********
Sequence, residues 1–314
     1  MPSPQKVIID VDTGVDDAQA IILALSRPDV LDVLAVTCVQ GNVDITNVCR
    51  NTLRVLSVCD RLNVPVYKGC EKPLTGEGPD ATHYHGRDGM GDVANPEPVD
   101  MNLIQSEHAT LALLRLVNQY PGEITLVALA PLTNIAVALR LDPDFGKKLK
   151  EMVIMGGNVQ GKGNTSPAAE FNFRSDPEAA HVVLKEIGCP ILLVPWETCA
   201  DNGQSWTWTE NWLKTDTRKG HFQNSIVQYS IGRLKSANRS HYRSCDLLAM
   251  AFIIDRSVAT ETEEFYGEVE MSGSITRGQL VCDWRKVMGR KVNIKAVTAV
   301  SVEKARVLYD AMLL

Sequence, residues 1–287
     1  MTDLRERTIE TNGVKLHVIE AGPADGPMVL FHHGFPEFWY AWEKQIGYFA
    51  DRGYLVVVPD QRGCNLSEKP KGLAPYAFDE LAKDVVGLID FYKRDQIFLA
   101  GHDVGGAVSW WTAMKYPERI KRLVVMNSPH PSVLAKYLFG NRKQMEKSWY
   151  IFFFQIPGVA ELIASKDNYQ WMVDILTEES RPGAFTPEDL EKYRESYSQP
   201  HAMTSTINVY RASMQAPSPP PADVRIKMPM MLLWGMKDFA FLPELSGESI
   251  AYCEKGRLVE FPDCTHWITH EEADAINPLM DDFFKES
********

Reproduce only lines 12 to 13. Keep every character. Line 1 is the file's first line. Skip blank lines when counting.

   101  GHDVGGAVSW WTAMKYPERI KRLVVMNSPH PSVLAKYLFG NRKQMEKSWY
   151  IFFFQIPGVA ELIASKDNYQ WMVDILTEES RPGAFTPEDL EKYRESYSQP